Canadians are used to conservative party political attack ads, even when there isn’t an imminent election. Since 2007, the norm has been for the ad to run and the Liberal Party not to respond. The Liberals lost the last two elections. Apparently, Canada’s new Opposition Party, the ultra-left NDP, has had enough.
Some history: The old ads from the party of the Canadian Prime Minster, Stephen Harper, suggested that the Liberal Leader of the Opposition was “not a leader”; the Liberals sat on their hands, and Leader Stephane Dion was subsequently trounced in the next election. The Liberals then got a new Leader, Michael Ignatieff, a Harvard professor and frequent expat. Harper painted Ignatieff as a crass opportunist who “didn’t come back [to Canada] for you.” Ignatieff also chose not to respond and promptly led his party to the biggest defeat in Liberal history.
Canada got a new Opposition Party with the NDP. Harper started attack ads on the new Leader of the NDP, admonishing the Party with the innuendo, “This is the best you can do?” This time, the NDP shot back with an ad accusing Harper of attacking the most vulnerable Canadians during the recession. Even without an election in the offing, the ads say that current policies aren’t working and that Canadians will have to pay the price. The war is on–but who will win?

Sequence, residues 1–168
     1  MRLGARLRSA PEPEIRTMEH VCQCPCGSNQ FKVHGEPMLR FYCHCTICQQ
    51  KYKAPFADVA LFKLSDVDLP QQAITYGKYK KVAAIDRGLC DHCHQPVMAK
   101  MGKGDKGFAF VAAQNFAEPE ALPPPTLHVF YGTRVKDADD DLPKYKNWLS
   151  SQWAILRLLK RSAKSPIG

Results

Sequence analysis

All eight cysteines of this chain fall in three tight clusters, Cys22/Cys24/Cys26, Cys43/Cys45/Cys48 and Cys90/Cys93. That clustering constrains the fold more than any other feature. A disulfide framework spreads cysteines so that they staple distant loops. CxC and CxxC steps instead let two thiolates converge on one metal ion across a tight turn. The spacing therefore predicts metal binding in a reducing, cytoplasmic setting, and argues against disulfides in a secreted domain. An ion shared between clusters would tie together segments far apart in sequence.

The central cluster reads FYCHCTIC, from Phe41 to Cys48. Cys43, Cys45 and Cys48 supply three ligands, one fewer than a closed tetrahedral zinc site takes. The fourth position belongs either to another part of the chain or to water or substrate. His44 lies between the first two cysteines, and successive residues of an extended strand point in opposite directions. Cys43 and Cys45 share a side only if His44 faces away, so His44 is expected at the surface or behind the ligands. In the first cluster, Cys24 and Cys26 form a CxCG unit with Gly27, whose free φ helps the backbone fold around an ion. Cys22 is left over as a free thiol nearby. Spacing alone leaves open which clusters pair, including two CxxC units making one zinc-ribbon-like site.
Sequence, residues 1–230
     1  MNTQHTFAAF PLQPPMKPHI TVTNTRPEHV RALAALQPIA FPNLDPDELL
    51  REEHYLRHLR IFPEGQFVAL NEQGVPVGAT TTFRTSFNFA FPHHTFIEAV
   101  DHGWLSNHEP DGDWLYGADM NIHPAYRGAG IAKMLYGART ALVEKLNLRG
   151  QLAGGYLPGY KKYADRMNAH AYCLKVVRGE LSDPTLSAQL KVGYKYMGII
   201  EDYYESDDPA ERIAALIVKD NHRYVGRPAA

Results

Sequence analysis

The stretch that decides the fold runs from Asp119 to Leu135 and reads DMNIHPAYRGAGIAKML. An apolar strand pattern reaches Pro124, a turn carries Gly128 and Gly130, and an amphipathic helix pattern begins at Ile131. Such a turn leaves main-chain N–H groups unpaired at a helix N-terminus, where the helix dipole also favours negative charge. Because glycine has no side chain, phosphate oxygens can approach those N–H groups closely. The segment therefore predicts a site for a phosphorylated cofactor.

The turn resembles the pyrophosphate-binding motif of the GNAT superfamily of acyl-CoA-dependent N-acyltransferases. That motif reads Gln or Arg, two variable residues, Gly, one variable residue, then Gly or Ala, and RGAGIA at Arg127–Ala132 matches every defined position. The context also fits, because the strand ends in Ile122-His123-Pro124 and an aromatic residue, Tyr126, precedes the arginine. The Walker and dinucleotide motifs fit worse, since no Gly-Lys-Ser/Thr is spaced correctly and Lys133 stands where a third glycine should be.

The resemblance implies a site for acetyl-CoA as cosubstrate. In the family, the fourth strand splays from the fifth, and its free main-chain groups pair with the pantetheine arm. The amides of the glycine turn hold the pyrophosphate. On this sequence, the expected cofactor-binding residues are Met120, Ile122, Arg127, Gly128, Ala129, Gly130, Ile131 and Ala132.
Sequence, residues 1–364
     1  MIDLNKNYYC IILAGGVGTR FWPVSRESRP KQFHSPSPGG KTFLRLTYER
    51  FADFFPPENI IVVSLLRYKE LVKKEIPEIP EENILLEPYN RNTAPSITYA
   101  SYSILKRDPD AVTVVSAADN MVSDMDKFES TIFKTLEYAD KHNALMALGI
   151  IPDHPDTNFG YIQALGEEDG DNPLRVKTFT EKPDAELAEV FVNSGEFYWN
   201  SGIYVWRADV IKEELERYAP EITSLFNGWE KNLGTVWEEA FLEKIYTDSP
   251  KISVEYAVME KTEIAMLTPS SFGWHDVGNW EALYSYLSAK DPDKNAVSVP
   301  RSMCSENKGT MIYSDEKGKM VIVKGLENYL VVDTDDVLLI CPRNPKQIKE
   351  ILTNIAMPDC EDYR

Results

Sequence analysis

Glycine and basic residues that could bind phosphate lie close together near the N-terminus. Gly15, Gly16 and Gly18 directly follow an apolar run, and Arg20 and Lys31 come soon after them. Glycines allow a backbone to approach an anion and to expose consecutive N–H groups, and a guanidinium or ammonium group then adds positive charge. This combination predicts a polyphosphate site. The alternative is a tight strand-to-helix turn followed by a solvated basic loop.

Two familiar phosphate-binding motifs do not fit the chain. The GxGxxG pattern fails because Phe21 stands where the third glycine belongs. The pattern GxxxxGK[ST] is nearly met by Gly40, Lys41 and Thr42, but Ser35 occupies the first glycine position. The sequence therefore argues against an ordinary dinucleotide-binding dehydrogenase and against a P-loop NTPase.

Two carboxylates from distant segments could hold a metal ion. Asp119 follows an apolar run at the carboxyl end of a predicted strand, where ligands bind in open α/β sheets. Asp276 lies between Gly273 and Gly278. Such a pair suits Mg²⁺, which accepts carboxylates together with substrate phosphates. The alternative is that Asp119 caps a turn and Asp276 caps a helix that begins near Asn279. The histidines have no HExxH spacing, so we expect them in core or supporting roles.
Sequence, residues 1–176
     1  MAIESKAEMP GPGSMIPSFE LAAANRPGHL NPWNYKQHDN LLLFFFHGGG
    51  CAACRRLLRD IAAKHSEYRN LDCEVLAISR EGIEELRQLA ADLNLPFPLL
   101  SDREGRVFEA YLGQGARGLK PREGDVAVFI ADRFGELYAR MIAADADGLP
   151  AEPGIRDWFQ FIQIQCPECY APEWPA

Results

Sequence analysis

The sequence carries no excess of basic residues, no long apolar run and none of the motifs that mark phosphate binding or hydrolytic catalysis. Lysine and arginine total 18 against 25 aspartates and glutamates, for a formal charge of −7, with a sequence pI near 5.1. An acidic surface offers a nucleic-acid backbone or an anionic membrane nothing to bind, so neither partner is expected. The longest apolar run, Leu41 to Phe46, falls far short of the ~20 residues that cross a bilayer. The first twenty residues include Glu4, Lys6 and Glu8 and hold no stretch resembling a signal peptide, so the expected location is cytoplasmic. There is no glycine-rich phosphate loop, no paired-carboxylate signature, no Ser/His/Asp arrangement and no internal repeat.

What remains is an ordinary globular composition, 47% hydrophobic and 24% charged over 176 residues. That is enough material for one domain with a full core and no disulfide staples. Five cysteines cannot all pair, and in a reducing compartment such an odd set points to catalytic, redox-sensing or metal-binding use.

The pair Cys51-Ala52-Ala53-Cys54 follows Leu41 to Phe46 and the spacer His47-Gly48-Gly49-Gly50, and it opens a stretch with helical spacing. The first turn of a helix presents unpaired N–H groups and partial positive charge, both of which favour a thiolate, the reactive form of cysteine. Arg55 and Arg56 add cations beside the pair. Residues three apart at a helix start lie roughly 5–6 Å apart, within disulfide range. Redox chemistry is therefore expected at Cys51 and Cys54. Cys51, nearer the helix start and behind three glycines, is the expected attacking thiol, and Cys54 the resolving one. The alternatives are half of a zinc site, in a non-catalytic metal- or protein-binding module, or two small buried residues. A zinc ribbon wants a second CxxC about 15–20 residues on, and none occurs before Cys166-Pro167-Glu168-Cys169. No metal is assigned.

The PR Verdict: “C” (Distinctly OK) for the NDP. While necessary to respond to the attack ads, the NDP policy wonks obviously won the day by attacking policies, not personalities.
The PR Takeaway: Politics is about popularity, rarely policy. The Prime Minister’s attack ads are directed at the subject’s image and reputation; these attributes take years to build, but only 30 seconds to undermine. The NDP took the moral high ground by talking about policies, which Canadians find tough but pragmatic in a recession. Leading up to the next election, the Prime Minister can backtrack, soften, or amend these policies to diffuse the NDP’s salvos. More likely than not, the NDP will find it harder to fight the PM’s more personal attack campaign. Hitting back with policy is a hard sell.
Is the NDP attack tactic effective, or should they have stayed out of the muck altogether? What’s your PR Verdict?